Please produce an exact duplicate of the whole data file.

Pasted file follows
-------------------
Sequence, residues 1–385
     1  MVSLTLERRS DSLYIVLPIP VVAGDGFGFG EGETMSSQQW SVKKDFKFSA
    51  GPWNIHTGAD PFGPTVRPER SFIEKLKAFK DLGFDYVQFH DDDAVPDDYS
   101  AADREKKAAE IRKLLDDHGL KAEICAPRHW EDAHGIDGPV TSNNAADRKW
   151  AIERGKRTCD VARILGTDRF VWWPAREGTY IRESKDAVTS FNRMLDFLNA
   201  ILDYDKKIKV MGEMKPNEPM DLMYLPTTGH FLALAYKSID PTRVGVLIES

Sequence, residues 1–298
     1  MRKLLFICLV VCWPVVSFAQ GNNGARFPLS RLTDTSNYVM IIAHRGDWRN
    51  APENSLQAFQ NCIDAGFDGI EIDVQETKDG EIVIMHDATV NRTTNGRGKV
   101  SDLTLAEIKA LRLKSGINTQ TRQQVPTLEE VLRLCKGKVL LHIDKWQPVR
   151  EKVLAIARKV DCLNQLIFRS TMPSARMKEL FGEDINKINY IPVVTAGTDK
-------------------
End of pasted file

Sequence, residues 1–385
     1  MVSLTLERRS DSLYIVLPIP VVAGDGFGFG EGETMSSQQW SVKKDFKFSA
    51  GPWNIHTGAD PFGPTVRPER SFIEKLKAFK DLGFDYVQFH DDDAVPDDYS
   101  AADREKKAAE IRKLLDDHGL KAEICAPRHW EDAHGIDGPV TSNNAADRKW
   151  AIERGKRTCD VARILGTDRF VWWPAREGTY IRESKDAVTS FNRMLDFLNA
   201  ILDYDKKIKV MGEMKPNEPM DLMYLPTTGH FLALAYKSID PTRVGVLIES

Sequence, residues 1–298
     1  MRKLLFICLV VCWPVVSFAQ GNNGARFPLS RLTDTSNYVM IIAHRGDWRN
    51  APENSLQAFQ NCIDAGFDGI EIDVQETKDG EIVIMHDATV NRTTNGRGKV
   101  SDLTLAEIKA LRLKSGINTQ TRQQVPTLEE VLRLCKGKVL LHIDKWQPVR
   151  EKVLAIARKV DCLNQLIFRS TMPSARMKEL FGEDINKINY IPVVTAGTDK